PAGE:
In the work, Nicomachean Ethics, the philosopher Aristotle creates a guideline for those who are serious about pursuing happiness. Aristotle's recommendations for finding happiness are not accepted today without some struggle and careful examination. In Aristotle's time, slaves, women and children were not truly considered human; so in many cases the philosopher is directing his words towards free males only. It is necessary to understand that by overlooking this discrimination and applying it to all people, one can discover the timeless wisdom of Aristotle.
To begin, one must learn what happiness means to Aristotle. He considers happiness to be simply the name of the good life. This is not to say that the good life produces happiness, but that happiness is the title for the good life that is sought. Aristotle goes on to distinguish the good life as one which fulfills the purpose of a human being. This belief in part is derived from Aristotle's personal definition of good. In the 1990s, one would begin to explain good by calling it nothing more than a positive value. Aristotle's idea is one that involves action. For him, good is "that at which everything aims" (Cobb, Nicomachean Ethics, Book One). This view is considered a part of teleology, because it deals with the notion of goals or ends. Therefore, through Aristotle's definition of the word good, one can better understand why his view of the good life centers around the purpose of a human being.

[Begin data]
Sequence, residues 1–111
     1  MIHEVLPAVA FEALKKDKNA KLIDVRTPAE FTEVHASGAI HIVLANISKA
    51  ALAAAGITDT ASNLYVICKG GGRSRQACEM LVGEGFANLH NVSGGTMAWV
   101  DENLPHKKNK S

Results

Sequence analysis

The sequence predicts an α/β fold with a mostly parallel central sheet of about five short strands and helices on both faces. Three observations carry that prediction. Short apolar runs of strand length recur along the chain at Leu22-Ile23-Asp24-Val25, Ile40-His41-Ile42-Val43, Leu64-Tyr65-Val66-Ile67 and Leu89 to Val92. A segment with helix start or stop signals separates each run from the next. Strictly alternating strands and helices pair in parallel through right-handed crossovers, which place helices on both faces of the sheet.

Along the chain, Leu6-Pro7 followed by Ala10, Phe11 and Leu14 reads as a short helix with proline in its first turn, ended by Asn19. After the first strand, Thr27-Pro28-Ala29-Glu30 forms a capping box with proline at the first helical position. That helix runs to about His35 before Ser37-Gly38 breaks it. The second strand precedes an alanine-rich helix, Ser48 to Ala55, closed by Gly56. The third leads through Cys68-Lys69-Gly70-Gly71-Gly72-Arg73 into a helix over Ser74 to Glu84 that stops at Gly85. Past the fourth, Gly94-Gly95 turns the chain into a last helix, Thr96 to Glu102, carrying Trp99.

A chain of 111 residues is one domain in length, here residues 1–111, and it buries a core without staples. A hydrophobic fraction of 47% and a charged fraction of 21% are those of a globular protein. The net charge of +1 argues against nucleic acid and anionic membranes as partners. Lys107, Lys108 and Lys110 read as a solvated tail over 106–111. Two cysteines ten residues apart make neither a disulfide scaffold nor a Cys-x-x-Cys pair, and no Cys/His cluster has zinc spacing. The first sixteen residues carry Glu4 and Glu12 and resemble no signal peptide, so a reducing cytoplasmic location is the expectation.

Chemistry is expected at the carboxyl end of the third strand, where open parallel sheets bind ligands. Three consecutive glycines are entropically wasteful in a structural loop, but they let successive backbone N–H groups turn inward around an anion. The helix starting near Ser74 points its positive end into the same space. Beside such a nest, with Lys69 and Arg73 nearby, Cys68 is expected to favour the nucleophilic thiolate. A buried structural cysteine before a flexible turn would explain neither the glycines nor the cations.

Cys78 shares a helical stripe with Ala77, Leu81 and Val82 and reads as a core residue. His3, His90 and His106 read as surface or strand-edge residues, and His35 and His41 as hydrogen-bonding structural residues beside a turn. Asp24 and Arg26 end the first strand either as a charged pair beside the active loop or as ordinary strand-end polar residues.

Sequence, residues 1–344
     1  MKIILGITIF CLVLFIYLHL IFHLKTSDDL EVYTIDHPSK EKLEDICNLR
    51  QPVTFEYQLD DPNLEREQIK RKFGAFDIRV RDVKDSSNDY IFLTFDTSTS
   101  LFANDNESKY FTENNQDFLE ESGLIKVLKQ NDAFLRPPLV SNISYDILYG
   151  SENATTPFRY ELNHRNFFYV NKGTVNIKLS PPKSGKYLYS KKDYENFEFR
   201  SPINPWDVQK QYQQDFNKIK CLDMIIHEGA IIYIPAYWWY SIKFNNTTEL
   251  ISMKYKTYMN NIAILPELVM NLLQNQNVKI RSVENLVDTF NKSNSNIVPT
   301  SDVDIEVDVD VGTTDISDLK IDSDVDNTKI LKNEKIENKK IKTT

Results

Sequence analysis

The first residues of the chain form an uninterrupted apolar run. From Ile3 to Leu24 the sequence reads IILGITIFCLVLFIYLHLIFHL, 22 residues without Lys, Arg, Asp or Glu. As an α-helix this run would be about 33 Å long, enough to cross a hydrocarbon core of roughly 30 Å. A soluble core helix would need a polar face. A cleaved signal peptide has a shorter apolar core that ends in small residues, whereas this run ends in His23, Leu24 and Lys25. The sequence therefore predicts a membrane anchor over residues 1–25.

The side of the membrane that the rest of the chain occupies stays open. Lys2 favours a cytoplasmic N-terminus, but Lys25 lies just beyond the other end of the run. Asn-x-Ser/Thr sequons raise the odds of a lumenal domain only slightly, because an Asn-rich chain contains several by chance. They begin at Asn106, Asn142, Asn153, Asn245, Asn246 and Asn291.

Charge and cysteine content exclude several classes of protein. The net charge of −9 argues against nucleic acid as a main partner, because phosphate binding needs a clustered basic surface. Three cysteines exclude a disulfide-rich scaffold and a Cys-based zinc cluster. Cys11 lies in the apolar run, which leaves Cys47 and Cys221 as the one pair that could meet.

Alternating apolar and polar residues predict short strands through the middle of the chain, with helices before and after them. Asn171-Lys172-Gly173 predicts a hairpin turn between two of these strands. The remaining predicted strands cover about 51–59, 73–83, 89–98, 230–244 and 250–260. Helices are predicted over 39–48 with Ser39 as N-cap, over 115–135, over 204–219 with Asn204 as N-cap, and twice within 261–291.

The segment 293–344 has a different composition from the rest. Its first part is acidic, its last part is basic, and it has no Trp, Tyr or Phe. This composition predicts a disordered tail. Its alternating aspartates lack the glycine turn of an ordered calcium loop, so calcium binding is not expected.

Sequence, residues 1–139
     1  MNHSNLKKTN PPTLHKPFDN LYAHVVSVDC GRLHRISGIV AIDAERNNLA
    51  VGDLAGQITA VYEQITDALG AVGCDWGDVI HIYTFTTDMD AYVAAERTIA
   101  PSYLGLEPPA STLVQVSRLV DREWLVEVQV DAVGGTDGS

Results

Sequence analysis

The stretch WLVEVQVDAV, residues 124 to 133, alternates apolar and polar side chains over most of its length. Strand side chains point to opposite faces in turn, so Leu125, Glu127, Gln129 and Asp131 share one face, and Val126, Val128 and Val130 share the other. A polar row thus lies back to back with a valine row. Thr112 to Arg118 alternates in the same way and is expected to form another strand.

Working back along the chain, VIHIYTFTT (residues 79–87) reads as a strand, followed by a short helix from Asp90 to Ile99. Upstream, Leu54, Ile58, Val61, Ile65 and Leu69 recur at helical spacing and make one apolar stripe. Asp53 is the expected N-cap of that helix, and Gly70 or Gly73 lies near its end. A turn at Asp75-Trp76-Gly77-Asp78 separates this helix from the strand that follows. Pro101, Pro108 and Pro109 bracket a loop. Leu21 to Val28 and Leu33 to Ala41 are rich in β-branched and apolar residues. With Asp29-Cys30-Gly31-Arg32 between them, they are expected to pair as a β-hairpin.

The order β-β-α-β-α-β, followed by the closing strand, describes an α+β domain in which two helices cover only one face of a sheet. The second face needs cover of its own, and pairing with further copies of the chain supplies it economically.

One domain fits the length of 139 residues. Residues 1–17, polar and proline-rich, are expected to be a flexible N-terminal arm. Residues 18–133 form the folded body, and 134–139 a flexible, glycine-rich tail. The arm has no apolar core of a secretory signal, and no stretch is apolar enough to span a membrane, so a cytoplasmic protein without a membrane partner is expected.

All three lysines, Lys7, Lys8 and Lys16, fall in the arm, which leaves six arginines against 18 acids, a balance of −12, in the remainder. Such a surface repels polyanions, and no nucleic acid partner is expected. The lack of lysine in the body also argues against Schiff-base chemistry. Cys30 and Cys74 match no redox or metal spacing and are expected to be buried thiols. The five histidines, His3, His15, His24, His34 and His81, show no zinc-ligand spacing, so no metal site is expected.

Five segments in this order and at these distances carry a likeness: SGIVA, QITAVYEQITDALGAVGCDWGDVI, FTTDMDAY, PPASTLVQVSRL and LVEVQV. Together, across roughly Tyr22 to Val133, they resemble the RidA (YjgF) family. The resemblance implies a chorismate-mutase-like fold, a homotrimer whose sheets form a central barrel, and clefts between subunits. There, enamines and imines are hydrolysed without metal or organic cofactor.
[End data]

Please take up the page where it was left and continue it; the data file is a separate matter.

Aristotle examines the purpose of a human by drawing attention to the capacity for reason. Reasoning ability is the primary distinguishing characteristic between humans and other animals. Thus to be more exclusively human, one must exercise the capacity to think. Aristotle divides the rational part of the soul into two parts: one which guides action, and one which works at understanding. Only when these two aspects of the soul are engaged can one be closer to achieving happiness. Aristotle refutes elitist thinking by stating that all people have the capacity to reason within the soul. The good and bad characteristics in people come from the kinds of activities that they desire to undertake. Aristotle also generally defines the good life as simply doing what one wants to do, but happiness can only truly be achieved when one desires to do the correct things.
The next topic to consider, then, is what kind of rational activities fulfill the purpose of a human being. Aristotle feels that as a human, one should actualize the capacities of the soul through activity. Here one encounters the debate of activity versus productivity. In current society, productivity is the measure of success, and activity for its own sake is rarely considered worthwhile. Aristotle does not believe in the importance of productivity relative to one's happiness. Instead, he feels that one should engage in activity for no external end or result whatsoever. Those activities that are chosen simply because of a...